751.5 MAP/2–350

The Public Affairs Officer of the Embassy in France (Tyler) to the Secretary of State


[No.] 148

Reference EDECC London telegram to Washington 373, repeated to Paris as 110.2 Tomap. The well known French journalist, Raymond Aron, whose Gaullist political opinions are sufficiently diluted to make him an acceptable contributor to the moderate morning paper “Le Figaro”, recently wrote an article entitled “The Continuity of American Policy” which appeared on January 25 and in which he used the following words: “… We are not being drawn by American diplomacy into a quarrel which does not concern us. We have, thanks to American diplomacy, the means of waging and of winning a battle on which depends the survival of France as an independent nation”.

These sentiments are rarely expressed in the French press and yet it is probable that they represent the opinion of the majority of the French people.

It may be said that the chief objective of Communist propaganda, which is frequently seconded by the chauvinism prevalent especially in intellectual elements, is to destroy this belief and to make the French people turn against the United States and against any French government whose policy is based on an understanding with America.

The Communist and fellow-travelling press, both in Paris and in the provinces, indeed throughout the territories comprising the French Union, are bent on the task of persuading the French that America is driving them toward military aggression against the Soviet Union [Page 1358] for her own selfish ends, in an attempt to dominate the world. Even if this propaganda does not succeed in producing positive political results, it hopes so to confuse French opinion and to raise so many doubts and false issues in the mind of the average man that the French people will be incapable of playing the role and of acquiring the sense of confidence and of purpose on which their effective participation in the community of free nations depends.

It may be supposed that the strategists of the Communist Party do not expect that their propaganda will generate the popular pressure required to overthrow the government or even to make it modify its policy with regard to its international commitments.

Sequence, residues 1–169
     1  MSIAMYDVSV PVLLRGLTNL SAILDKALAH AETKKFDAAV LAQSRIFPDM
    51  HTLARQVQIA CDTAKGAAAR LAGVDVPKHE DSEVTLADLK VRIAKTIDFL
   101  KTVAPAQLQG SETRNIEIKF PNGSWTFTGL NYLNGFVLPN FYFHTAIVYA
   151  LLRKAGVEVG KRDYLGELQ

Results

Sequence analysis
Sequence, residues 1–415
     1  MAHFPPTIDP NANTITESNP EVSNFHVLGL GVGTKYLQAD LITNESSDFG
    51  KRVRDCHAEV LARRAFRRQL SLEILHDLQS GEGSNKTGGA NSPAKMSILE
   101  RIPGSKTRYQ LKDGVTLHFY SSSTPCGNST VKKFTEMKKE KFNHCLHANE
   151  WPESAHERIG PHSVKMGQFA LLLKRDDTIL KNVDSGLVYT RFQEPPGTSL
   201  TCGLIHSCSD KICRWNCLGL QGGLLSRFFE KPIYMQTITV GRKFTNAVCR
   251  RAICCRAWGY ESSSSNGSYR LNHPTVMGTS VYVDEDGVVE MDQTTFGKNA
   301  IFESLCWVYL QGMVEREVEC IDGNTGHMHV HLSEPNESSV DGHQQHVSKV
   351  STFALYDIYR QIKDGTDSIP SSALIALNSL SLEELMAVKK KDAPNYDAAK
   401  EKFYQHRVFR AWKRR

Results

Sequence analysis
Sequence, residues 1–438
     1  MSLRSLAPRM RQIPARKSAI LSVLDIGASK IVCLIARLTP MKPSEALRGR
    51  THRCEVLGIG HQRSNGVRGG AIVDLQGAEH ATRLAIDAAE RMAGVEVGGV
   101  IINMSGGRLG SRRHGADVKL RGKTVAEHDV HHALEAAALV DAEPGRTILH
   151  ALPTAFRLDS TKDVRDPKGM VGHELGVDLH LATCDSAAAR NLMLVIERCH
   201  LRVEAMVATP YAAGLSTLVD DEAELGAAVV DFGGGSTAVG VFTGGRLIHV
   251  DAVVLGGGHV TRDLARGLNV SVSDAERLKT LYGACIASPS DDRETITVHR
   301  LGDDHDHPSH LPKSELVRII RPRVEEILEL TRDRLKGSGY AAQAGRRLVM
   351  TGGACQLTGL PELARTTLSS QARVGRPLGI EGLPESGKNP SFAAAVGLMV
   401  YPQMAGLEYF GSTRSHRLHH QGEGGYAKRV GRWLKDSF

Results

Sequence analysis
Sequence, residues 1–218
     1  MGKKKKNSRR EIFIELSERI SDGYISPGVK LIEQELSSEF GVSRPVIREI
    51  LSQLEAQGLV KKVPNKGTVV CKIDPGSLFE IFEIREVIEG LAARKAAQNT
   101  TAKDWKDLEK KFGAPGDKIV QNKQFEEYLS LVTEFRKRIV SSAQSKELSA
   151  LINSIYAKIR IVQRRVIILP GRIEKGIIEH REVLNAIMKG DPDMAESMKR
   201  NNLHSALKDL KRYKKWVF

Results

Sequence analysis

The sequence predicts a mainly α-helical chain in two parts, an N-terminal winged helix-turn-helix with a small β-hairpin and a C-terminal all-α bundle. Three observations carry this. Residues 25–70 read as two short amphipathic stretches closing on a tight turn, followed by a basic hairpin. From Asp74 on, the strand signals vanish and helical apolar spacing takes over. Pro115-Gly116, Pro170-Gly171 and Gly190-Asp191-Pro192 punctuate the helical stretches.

However, there is a secondary and extremely important goal which the Communists want to achieve by the maximum degree of propaganda and popular confusion. This goal, stated in its simplest terms, is that the U.S. should obtain the impression that France is an unreliable partner, and that she is too unstable to play her role as the mainstay of continental European defense. If the U.S. could only be convinced that France is a bad risk, and consequently modify its support of France, and its policy toward Western Europe, this would indeed represent a major propaganda success.

The violent scenes in Parliament, repeated strikes wherever possible, even if doomed to failure from the first, dramatic and pathetic incidents playing on the French dislike of the war in Indo-China and on their craving for peace, all these tricks have the double aim of reducing the confidence of the French people in their own government and in its policy, and of destroying the confidence of France’s allies in her capacity to shoulder her responsibilities.

It is important that we appreciate these long term goals of the Kominform, of which some of the French are themselves aware, and which must be brought home as widely and as deeply as possible to the French people.

Fortunately, however, the Communists are on very tricky ground, psychologically, in these attempts to turn the French people against the North Atlantic Treaty and the MDAP. Their propaganda can turn very fast and irrevocably against them in proportion as the eyes of the French people are opened as to what the Communist game really is.

The joint in the armor of Communist propaganda is the strong and instinctive national loyalty and patriotism of the French. A guiding principle of our efforts in the propaganda field should, it is submitted, be to make the French aware of the real goals of the Communists, rather than to tax our ingenuity in trying to keep up with and refute Communist propaganda and lies.

. . . . . . . . . . . . . .

[Page 1359]

The propaganda situation in France with regard to NAT and MDAP may therefore be summarized as follows:

It may be assumed that a violent and persistent Communist-inspired propaganda campaign against NAT and MDAP will continue indefinitely in spite of apparent failure.
The object of this campaign is two-fold:
To poison and confuse French opinion on international issues and national defense, and
In the words of the London Times of Monday, January 30, “To show France up as a nation upon which the West can place no reliance in the contest with the East”.
The priority objective of joint propaganda consultation and activities by the French and ourselves is to open the eyes of the French people and especially labor to the true character and aims of the Communist Party.
This can not be achieved by a direct American-sponsored publicity compaign, but by the exposure of Communist intentions through concerted French publicity efforts.

The purpose of the Consultative Information Policy Committee set up by the French and ourselves will be to consider what information measures should be taken, and the means whereby they should be executed.

William R. Tyler
  1. Not printed.